She was assessing pupils throughout, through: direct questioning, monitoring pupils answers whilst on task, asking them to explain why something was or wasn’t the case and picking up on misconceptions. Crucially, where a pupil didn’t get something right she asked them to have a look again.

To help pupils’ learning in the lesson I think I would have carried out an experiment on one of the probabilities that they found difficult to see if it was an estimated probability, such as the pin dropping. Doing so would have made the concept more real I think.

If I was working with a particular pupil who struggled, I would start by trying to pin down what they did understand i.e. did they understand the concepts of equally likely probabilities? and then build on this. I would try to use props e.g. a coin, and test out with them whether a coin toss was equally likely, and contrast this with a pin-head. I would use a scaffolding approach to push the limits of their knowledge, remaining positive and optimistic to encourage them to stretch themselves.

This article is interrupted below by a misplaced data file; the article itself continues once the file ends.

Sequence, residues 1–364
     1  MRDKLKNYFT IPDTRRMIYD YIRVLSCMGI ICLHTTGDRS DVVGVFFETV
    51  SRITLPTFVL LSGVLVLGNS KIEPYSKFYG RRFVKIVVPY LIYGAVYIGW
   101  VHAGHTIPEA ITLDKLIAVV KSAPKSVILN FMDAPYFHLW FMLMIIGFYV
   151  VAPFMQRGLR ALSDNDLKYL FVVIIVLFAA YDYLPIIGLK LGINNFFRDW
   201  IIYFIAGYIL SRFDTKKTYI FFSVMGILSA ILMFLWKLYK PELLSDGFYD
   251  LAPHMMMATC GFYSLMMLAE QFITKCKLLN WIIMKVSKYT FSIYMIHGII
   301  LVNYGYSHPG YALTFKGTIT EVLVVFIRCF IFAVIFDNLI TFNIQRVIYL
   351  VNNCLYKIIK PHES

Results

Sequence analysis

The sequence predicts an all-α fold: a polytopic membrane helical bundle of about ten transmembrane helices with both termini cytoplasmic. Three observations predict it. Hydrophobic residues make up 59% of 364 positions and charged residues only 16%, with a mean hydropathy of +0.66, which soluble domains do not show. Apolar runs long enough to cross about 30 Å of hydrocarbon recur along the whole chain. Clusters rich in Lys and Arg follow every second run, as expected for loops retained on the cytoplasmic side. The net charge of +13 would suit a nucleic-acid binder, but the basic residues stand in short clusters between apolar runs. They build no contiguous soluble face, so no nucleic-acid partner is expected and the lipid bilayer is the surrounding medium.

Teaching Mathematics Ch 4: Reflections on the consolidation phase of a lesson

In this phase the teacher very clearly sets out the lesson objective for the lesson, and gives a very clear description of estimated probabilities. She asks pupils questions to scaffold learning towards the objective, although she very much controls the outcomes of this learning and doesn’t always build on the questions.

If I was to design a consolidation phase for this lesson, I think I would have introduced the topic in the same way, but then starting from the idea of the survey, I would have put up two sets of survey results, and got pupils to work through them and work out that they were different. I would then ask them what the probability of picking pizza is, to expose the idea that there isn’t a single probability. I would then ask what pupils could do to get a probability, eliciting the idea of an estimate. Finally, I would ask what would be a sensible way to get an estimate from the two sets of data, linking the idea to averages.

This would finally lead into a clear description of the key words ‘estimated probabilities’, which would come after we’d gone through the concept together.

Teaching Mathematics Ch 4: Reflections on a lesson discussion